Help! What's wrong with my jasmine plant?


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Previously thriving jasmine plant that has been looking worse and worse over the past couple of months. The branches are turning brown from the bottom, moving up the plant. However, there is still a solid, healthy green branch that does not seem to be affected. The texture and color of the leaves that have not turned brown and fallen off is changing.There is no evidence of pests, and it doesn't seem to help when I adjust my watering frequency. I would welcome any and all of your ideas. I love this plant and I don't want it to die.
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alp

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Jasmine/RHS Gardening
https://www.rhs.org.uk/advice/profile?PID=291
Cultivation notes. All jasmines need a fertile, well-drained soil in full or partial sun. Summer jasmine needs a sheltered spot, full sun and a south- or south west-facing aspect. Winter jasmine is more tolerant of partial shade and a south east or north west aspect.

Curly leaves
Leaf Curls in Jasmine | Home Guides | SF Gate
homeguides.sfgate.com › Garden › Pest Control
Although hardy plants, jasmine leaves can begin to curl when suffering from disease or pests. Roots. Jasmine plants can suffer from root rot if the soil doesn't drain properly. Leaf Fungi. Several types of fungus can find a home on jasmine's leaves, causing them to curl and discolor. Pests. Treatments.

Have a look to see if there are any bugs please.

Why are the leaves falling off my jasmine plant?
This can cause leaves to dry up and fall off. Too much water can be just as bad for your plant. ... The difference in this instance is that the leaves will turn yellow before dropping off, much like tree leaves changing colors before falling. Lack of light can be another cause of jasmine plants losing leaves.

I don't think you need to put the plant behind the blinds as that spot looks not very bright. I have no idea when you took the photo though.

It might be a good idea to use a bit of cotton wool to clean the front and back of the leaves, look for scales or bugs and you can top up you soil with sand if there are bugs. Bugs don't like cool sand, but love moist and warm compost. See if you can disentangle the stems and layer one of them. That way, you might have another stem providing nutrients to the plant or a new plant if the mother plant dies. When's the last time you topped up or changed the compost please?
 
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Thank you for your thorough reply! Regarding sunlight, my plant does get full sun from a south-facing window (it was just behind the blinds for the sake of the picture).

In terms of bugs, I have searched and did not see any. Other than the overt presence of bugs and holes in the leaves, are there covert signs I should be looking for that would suggest bugs/pests?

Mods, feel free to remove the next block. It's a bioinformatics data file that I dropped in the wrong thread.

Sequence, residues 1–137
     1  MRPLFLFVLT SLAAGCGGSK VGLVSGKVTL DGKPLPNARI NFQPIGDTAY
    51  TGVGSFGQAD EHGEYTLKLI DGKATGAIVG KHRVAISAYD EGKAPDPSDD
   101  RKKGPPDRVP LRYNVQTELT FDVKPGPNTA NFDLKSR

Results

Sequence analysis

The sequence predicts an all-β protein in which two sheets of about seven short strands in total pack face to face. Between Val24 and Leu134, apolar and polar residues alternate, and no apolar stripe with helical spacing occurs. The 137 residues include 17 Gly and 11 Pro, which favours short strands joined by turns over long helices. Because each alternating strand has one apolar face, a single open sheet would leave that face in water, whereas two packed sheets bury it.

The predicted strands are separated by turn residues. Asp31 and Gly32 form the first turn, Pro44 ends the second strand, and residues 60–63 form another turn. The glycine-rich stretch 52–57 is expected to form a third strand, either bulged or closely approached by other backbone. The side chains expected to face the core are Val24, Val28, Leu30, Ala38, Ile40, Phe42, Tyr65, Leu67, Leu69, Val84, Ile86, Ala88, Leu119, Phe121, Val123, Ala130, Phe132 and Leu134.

I most recently changed the compost in June. Would it be wise to change it again now?

What exactly do you mean by layering the stems after I disentangle them? I like the idea of preserving one of them in the event that the rest of the plant dies, but want to be sure I'm doing it correctly.
 
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alp

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Layering is very easy. That's how I got my winter jasmine.

How to layer plants


There are several methods of layering that can be used. Here are the details for four of the most common.

Simple layering
This technique works well for shrubs with shoots that can be bent down to ground level.

  • Choose flexible young shoots on the outside of the plant that can be bent down to ground level
  • Mark the point where the shoot touches the ground with a bamboo cane
  • About 30cm (1ft) from the shoot tip, make a 2.5-5cm (1-2in) incision along the stem, running through a leaf bud (remove the leaf first if the plant is in leaf). This will create a wedge that is propped open with a small piece of wood
  • Apply hormone rooting compound to the surfaces of the wound
  • Make a shallow trench in the soil, 10-15cm (4-6in) deep, back from the bamboo cane towards the parent plant
  • Peg the wounded section of stem into the trench with a loop of thick wire
  • Secure the tip of the shoot to the bamboo cane, so that it is growing upwards
  • Fill up the trench with soil, firm in and water if dry
Roots should develop within 12 months. When a good root system has formed, sever the layer from the parent plant and transplant to its final position, or into a pot for growing on.

Tip layering
This technique works well for blackberries and hybrid berries.

  • In mid- to late spring, choose a long arching stem that easily reaches ground level
  • Bury the tip of the shoot 7.5cm (3in) under the surface of the soil. Peg it down (if necessary) with a loop of thick wire. Water if dry
Roots should develop from the shoot tip by the following autumn or spring.

Source https://www.gardening-forums.com/threads/help-whats-wrong-with-my-jasmine-plant.13445/#post-134390

It is always a good idea to layer clematis, jasmine, ivy, whenever you buy one. That way, you can always have an heir and a spare or two.
 

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